In context: Amazon-owned Zoox has been testing autonomous vehicles in Las Vegas and the Bay Area for four years, long before the retail giant bought the company. The tests helped Zoox better understand how its vehicles behave in these environments, but other areas with vastly different climates could be equally as important to study.
To improve the capabilities of Zoox's L3 autonomous vehicles (standard cars equipped with software and hardware for autonomous driving), the company will run tests in Seattle. Compared to the other test locations, Seattle's infrastructure and driving culture are quite distinctive, but the one thing that makes Seattle so different from Las Vegas and the Bay Area is the rain.
Standard cars tend to "fight" against adverse weather with windshield wipers and defrosters, but Zoox cars will do more than just that. Zoox L3 vehicles have "special hardware" built into its sensor architecture to remove water and debris, and considering how often it rains in Seattle, it should be easier to test it.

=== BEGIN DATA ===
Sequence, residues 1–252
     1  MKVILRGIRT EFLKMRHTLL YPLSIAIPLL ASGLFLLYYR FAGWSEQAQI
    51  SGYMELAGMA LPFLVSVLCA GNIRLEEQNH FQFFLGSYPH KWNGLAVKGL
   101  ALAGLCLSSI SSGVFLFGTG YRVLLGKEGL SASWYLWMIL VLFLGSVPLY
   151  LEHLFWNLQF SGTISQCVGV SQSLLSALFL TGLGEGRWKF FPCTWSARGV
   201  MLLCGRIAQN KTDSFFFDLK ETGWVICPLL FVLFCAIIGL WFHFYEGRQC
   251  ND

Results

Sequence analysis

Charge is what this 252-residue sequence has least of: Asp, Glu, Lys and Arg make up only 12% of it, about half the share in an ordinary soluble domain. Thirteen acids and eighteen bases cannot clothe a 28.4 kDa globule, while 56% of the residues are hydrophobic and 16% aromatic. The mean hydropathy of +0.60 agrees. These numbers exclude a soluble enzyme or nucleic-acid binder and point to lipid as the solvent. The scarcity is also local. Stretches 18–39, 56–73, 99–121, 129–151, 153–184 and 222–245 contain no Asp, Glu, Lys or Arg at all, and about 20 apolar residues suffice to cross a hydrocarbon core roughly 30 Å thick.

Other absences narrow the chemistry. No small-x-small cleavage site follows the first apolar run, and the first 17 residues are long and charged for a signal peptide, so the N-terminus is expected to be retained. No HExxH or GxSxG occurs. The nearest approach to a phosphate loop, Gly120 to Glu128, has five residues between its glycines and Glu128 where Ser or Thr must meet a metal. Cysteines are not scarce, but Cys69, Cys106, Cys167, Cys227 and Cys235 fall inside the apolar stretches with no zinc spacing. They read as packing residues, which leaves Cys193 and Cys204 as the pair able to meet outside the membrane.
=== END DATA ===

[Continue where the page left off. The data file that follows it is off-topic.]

During an initial phase, Zoox will be deploying "a small number" of L3 Toyota Highlanders throughout Seattle to overview the city, providing the data needed to adapt the autonomous system to the area. This data will then be used by the CLAMS (calibration, localization, and mapping, simultaneously) and ZRN (Zoox road network) teams to create a map of the city, including bike lanes, speed limits, traffic lights, and more.
Once completed, the map will allow Zoox's L5 vehicles, like its robotaxi and other purpose-built vehicles, to get to work as they're deployed in the city.
"A smooth sea never made a skilled sailor, and it's the exact same principle for our technology," said Kai Wang, director of the prediction division at Zoox. "The challenges of Seattle will let us hone our software stack and ultimately improve the behavior of our vehicles."
Zoox is also planning to open offices in Seattle during 2022 for a total of four offices across the US (the others are in San Francisco, Las Vegas and Foster City). The Seattle office will allow the company to accelerate the development of its system ahead of its eventual launch. However, Zoox stated it will only launch its autonomous cars when it can ensure that its "vehicle is meaningfully safer than human driving," so that might still take some time.